Business hotels are becoming more refined

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Business hotels are becoming more refined


Traditionally, business hotels, or budget hotels, targeted business travelers and travelers looking for cheap rooms. Charging half the price of luxury hotels, business hotels made ends meet by cutting extra services and facilities. That, however, doesn’t mean services are mediocre. In fact, the business hotel market is growing in Korea, with rising demand drawing the attention of even high-end hotel. The result: “luxury business hotels.”

Hotel Shilla opened its second business hotel, Shilla Stay Yeoksam, in Gangnam, southern Seoul, in October, after opening its first in Dongtan, Gyeonggi, a year ago. Shilla Stay Yeoksam promotes its 306 rooms as having “Shilla Hotel-esque luxuriousness.” Equipped with Italian Cova coffee and Hungarian goose down bedding, the rooms are designed by renowned architect Piero Lissoni. The hotel’s cafe buffet has some of the same dishes as The Parkview at the Shilla Hotel.

But in other aspects, Shilla Stay Yeoksam is no different from other business hotels. There are no auxiliary facilities like banquet halls and swimming pools, or extra amenities like bellmen and room service. Rooms are two-thirds the size of those at Shilla Hotel, and the price is comparable to other business hotels.

“We’ve put our brand value in the meals, design of the building and quality of what’s in the bedrooms,” says Kim Tae-heung, general manager of Shilla Stay Yeoksam. “Both Korean and foreign customers can enjoy Shilla Hotel services at an affordable price.”

According to Hotel Shilla, Shilla Stay Yeoksam’s occupancy rate is about 80 percent. There are many customers on business trips during the week and tourists in the weekends, although the hotel has been open for only a month, a hotel official said. Hotel Shilla is expected to expand its Shilla Stay operation to 10 areas, including Seodaemun District, Mapo District, Guro District, Gwanghwamun and Seocho District in Seoul, and Jeju, Ulsan and Cheonan by 2016. It is also considering expanding overseas.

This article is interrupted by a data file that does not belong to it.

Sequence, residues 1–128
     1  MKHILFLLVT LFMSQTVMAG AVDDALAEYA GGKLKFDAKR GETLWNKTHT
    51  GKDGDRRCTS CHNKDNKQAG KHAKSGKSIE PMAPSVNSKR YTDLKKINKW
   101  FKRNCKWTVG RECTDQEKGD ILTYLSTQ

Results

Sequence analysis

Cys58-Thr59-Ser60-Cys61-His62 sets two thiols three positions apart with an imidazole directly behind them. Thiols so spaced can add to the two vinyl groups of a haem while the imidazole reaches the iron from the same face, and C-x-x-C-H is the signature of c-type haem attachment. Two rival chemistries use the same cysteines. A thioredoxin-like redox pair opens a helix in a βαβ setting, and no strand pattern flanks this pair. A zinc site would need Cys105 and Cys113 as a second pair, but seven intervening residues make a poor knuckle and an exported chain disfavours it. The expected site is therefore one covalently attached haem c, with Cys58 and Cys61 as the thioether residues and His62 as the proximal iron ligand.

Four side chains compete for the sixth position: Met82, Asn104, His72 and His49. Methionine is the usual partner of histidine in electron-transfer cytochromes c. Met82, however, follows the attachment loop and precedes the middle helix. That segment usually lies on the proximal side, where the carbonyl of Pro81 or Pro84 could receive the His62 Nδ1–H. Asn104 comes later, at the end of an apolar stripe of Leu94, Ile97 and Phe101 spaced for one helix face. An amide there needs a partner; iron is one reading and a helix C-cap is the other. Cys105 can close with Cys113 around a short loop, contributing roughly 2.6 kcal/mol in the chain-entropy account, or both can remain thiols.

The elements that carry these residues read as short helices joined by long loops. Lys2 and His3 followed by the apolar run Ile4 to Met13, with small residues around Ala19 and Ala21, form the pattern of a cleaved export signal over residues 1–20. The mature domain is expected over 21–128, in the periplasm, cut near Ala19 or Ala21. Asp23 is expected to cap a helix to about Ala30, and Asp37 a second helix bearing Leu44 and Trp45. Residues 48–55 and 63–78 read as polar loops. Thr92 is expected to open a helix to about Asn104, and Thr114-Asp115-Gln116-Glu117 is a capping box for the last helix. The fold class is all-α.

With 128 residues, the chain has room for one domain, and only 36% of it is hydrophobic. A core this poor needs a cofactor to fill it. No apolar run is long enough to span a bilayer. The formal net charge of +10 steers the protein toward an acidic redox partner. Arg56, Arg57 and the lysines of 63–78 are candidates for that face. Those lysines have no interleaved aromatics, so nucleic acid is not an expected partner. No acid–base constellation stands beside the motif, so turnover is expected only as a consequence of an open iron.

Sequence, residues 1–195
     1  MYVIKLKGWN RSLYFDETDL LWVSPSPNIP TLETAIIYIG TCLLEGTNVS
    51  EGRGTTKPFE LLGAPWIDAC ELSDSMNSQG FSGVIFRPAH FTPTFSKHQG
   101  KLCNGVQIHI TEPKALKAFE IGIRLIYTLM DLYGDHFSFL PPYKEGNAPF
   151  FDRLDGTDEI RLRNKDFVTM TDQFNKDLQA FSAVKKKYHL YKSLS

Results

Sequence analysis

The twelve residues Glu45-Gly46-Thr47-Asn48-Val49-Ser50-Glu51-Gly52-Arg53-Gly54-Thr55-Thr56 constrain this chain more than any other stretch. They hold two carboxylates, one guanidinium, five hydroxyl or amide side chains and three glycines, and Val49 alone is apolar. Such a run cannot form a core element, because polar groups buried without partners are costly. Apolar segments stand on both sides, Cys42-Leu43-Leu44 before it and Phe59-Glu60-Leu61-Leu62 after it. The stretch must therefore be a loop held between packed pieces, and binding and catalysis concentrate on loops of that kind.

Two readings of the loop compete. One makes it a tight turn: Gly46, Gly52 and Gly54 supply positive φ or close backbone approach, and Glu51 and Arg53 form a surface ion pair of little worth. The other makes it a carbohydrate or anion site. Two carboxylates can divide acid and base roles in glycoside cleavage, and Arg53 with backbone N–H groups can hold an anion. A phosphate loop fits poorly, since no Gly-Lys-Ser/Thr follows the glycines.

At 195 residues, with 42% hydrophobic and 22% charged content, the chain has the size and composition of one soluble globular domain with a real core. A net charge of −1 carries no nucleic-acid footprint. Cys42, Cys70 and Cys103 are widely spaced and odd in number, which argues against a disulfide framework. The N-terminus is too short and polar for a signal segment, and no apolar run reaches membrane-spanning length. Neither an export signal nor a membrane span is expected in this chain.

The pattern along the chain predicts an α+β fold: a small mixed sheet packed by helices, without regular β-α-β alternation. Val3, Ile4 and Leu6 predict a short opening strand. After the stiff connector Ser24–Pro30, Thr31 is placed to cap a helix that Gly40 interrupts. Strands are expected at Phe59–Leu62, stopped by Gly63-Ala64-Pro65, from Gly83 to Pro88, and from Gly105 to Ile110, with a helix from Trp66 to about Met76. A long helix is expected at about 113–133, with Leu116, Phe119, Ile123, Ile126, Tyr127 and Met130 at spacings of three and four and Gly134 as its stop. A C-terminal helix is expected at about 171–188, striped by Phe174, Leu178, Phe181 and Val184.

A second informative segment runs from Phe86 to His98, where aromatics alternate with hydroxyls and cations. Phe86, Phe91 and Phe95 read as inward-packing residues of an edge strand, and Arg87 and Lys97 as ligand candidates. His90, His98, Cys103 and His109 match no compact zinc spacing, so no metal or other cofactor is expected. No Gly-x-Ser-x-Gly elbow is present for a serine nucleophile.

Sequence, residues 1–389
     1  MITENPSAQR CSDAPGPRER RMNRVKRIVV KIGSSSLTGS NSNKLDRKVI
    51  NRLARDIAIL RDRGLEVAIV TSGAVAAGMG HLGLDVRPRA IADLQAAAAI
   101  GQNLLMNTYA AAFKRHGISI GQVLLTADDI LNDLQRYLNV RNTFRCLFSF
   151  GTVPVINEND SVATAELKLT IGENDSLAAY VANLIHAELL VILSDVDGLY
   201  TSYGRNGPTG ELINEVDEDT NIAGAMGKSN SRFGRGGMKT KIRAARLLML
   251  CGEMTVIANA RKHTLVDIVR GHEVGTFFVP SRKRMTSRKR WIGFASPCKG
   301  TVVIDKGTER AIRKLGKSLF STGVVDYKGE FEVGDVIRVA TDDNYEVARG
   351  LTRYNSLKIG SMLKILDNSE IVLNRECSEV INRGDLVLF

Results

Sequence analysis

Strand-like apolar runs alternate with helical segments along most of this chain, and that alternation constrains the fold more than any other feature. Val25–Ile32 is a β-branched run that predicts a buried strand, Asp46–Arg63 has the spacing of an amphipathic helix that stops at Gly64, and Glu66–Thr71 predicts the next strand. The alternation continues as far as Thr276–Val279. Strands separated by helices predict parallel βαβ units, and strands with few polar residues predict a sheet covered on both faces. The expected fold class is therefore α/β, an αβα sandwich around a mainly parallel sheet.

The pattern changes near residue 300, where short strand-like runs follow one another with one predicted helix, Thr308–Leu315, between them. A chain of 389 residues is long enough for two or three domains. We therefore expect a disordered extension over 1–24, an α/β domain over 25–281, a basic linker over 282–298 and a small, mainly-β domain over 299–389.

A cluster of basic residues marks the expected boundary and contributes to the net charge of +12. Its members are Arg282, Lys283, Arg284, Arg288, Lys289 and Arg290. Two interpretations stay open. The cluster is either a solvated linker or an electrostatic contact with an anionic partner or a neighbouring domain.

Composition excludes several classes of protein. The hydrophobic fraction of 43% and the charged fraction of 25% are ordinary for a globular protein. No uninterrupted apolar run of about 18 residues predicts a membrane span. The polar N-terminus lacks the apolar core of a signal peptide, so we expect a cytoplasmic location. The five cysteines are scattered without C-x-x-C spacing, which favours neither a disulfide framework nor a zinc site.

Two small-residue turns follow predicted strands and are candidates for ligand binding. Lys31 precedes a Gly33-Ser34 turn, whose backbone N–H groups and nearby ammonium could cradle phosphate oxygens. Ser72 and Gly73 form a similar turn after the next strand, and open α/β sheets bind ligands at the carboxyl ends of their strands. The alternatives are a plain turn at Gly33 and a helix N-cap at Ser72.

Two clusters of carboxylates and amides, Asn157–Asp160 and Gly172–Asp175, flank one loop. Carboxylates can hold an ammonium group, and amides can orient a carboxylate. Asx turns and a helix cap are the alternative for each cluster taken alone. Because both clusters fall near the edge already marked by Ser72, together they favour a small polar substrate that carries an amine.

Lotte Hotel already launched its business hotel abroad. After opening its first, Lotte City Hotel Mapo, in 2009, the hotel opened its third international business hotel, Lotte City Hotel Tashkent Palace, in Uzbekistan in October 2013. Lotte Hotel currently operates Lotte City Hotels in Mapo, Gimpo Airport and Guro in Seoul, as well as in Daejeon and Jeju. It will add three more by next year, opening two in Myeongdong, central Seoul, and another in Ulsan.

Like Shilla Stay, Lotte City Hotel’s strategy is its luxurious feel. The business hotel uses the same bedding and toiletries as Lotte Hotel. With its location in downtown Jeju and facilities like a swimming pool and banquet halls, Lotte Hotel City Jeju was given the highest rating of special first class. Lotte City Hotel is also utilizing the global Lotte Hotel network in Moscow, Hanoi and Ho Chi Minh in Vietnam, and Guam for better marketing. It also is looking to launch a new business hotel brand next year.